National Novel Writing Month (NaNoWriMo)

NaNoWriMo IconNovember is National Novel Writing Month or NaNoWriMo!


Because of our stringent schedule, I cannot have the entire class participate in NaNoWriMo, but I would like to offer extra credit to students who participate.

Sometimes we simply need a bit of motivation to help our writing come to life. Sign up for NaNoWriMo here and get started.

NaNoWriMo How To

Need more incentive? Check out this blog post.

Note:

  • To receive the extra credit you must show me the badges you have collected during the month of November, as well as your completed novel.

  • You will not receive credit for only a few pages of writing.

Good luck and happy writing!

Writing w colors

Dead Word Tombstone Assignment

RIP TombstoneDead Word Tombstone Assignment

Directions:

In order to improve our vocabulary skills and minimize repetitiveness, we are going to eradicate our elementary terms.

  • Create a tombstone for a dead word according to the list below. No words may be reused. Check with your teacher for availability.
  • At the top of your tombstone, write the deceased word.
  • Honor’s Students: Write a eulogy to accompany your term. Your eulogy may be a piece of prose, poetry, or rap. (optional for other classes)
  • Use your thesaurus to locate at least three (3) adequate replacements for the departed word. Include your replacements at the bottom of your tombstone.
  • Please be creative and proofread your work.
  • I will grade you on grammar and the adequacy of the three alternative words you recommend.

Dead Words List:

  1. good
  2. bad
  3. sad
  4. scary
  5. happy
  6. a lot
  7. big
  8. small
  9. first
  10. last
  11. said
  12. gross
  13. like (I Like)
  14. got
  15. exciting
  16. wrong
  17. tired
  18. right
  19. sleepy
  20. take
  21. angry
  22. confused
  23. smart
  24. complicated
  25. dumb
  26. nice
  27. mean
  28. dirty
  29. because
  30. thing/ stuff
  31. funny
  32. beginner
  33. late
  34. new
  35. forgot

Student Example: Tombstone- Student Example

Death Awaits TombstoneDead Word Funeral

The following class period we will have a funeral for our fallen words. Please dress in black to create a somber mood in the classroom.Dead Word Funeral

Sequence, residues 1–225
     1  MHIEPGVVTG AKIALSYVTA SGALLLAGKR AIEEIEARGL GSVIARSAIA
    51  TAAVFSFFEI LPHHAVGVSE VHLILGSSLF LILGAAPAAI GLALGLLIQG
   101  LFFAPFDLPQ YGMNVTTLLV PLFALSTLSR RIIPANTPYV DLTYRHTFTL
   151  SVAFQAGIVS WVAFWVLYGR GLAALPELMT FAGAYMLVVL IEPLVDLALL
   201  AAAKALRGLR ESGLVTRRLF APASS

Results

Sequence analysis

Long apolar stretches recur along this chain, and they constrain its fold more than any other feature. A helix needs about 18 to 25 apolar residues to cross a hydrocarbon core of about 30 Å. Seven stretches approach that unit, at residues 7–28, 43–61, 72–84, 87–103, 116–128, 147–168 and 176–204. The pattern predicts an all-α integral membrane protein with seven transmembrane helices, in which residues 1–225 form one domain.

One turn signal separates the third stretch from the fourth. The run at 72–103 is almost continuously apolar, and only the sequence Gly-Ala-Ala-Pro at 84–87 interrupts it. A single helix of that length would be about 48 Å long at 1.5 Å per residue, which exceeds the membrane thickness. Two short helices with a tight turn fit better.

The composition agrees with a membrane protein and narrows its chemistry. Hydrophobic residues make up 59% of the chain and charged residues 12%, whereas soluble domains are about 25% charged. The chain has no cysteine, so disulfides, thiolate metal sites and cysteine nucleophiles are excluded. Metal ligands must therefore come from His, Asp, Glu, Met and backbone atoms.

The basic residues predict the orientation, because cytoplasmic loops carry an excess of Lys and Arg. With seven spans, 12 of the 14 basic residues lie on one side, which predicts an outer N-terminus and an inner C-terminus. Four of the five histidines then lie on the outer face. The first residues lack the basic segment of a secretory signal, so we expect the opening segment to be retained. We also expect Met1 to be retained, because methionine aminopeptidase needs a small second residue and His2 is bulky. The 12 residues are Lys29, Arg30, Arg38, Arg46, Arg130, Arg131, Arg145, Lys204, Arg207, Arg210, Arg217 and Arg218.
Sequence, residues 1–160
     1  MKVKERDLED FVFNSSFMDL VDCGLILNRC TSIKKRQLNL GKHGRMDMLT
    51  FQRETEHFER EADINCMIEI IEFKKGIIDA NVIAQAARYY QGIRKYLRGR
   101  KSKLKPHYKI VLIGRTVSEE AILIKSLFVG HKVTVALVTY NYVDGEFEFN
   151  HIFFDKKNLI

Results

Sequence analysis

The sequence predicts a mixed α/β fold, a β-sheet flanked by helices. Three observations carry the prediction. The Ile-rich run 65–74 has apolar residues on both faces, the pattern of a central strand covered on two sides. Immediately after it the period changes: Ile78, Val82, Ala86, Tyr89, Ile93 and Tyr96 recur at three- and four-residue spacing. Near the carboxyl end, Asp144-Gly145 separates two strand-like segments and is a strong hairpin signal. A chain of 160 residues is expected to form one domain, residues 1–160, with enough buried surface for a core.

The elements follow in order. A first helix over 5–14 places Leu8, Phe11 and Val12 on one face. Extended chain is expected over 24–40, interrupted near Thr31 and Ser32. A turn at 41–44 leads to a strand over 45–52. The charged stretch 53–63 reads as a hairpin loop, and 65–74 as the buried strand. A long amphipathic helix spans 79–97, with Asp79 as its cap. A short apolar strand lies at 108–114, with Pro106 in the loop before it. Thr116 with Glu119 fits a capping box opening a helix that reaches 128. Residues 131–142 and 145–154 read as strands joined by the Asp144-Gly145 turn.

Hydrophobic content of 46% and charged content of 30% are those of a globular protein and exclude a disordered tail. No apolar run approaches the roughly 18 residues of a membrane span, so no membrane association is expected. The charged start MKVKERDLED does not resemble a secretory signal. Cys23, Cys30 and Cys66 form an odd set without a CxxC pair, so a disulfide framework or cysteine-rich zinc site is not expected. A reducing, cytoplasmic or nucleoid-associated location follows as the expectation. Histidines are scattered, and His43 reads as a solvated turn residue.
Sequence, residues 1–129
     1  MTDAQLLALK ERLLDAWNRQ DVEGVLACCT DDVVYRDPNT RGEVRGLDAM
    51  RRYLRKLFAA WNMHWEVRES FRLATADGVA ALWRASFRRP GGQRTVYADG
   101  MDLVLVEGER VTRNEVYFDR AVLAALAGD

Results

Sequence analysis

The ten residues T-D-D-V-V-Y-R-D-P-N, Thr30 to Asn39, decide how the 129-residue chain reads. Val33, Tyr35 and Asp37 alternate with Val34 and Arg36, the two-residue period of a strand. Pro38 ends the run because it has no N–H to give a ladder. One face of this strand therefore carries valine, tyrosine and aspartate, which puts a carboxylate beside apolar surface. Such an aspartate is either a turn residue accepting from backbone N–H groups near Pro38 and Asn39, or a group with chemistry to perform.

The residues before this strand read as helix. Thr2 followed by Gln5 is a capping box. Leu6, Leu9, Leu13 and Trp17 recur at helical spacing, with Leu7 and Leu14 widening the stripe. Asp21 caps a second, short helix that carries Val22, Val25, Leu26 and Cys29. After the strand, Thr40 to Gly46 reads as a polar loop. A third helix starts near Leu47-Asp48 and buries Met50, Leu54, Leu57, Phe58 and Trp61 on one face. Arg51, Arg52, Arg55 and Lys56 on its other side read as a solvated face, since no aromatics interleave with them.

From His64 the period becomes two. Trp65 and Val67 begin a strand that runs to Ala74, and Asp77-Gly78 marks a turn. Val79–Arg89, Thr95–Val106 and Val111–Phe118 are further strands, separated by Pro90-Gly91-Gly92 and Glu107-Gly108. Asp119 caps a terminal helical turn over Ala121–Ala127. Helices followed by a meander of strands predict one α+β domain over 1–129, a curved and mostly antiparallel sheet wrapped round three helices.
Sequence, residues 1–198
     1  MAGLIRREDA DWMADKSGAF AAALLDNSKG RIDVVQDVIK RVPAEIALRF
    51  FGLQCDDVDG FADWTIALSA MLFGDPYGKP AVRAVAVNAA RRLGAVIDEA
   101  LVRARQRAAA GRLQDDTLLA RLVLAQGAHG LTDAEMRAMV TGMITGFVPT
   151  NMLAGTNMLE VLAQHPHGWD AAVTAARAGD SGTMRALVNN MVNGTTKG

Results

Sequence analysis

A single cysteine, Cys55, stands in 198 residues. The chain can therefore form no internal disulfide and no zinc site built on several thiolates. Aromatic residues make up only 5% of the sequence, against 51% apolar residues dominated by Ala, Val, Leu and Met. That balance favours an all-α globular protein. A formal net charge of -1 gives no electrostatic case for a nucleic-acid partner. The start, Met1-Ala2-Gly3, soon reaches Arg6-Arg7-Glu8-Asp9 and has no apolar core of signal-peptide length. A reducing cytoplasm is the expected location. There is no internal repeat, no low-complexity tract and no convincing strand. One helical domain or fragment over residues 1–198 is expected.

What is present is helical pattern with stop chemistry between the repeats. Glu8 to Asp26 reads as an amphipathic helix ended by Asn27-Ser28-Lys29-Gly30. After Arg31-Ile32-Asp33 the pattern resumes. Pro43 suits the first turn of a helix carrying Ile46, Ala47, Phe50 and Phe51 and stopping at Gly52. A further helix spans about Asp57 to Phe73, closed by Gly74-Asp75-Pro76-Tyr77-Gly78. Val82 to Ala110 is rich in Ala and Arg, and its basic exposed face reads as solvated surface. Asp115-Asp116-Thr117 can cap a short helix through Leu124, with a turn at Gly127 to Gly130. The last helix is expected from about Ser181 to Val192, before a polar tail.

Collaborative Blog Assignment

Guest blogging

Throughout the school year, pairs of students will be tasked with recording all pertinent information from Ms. Ellis’ class for their assigned week. The blog is due every Saturday at 8pm. Email your blog to Ms. Ellis at msdrellis@gmail.com.

Create your blog in a word document. I will copy and paste your information into our WordPress blog. Please PROOFREAD your work. I will not proofread each post. Your grade will be negatively affected if your blog is unorganized, missing information, or unedited.

Groups should be keeping track of the following information:

  1. Specific HW list from the entire week. (include assignment titles, directions, dates due).

  2. Notes on all texts read. (Be specific! Titles, authors, notes)

  3. Key vocabulary (include definitions)

  4. Class activities (i.e., bellringers, exit slips, group activities/ discussions, tests, etc.)

  5. Any other relevant information covered during the week.

Please see below for a template for your blog. (NOTE: Your blogs do not have to look identical. Feel free to add pictures from class or videos of my lectures. Maybe an inspirational video that you want to share with your classmates. Be sure that anything included is APPROPRIATE for an 11th grade classroom setting.)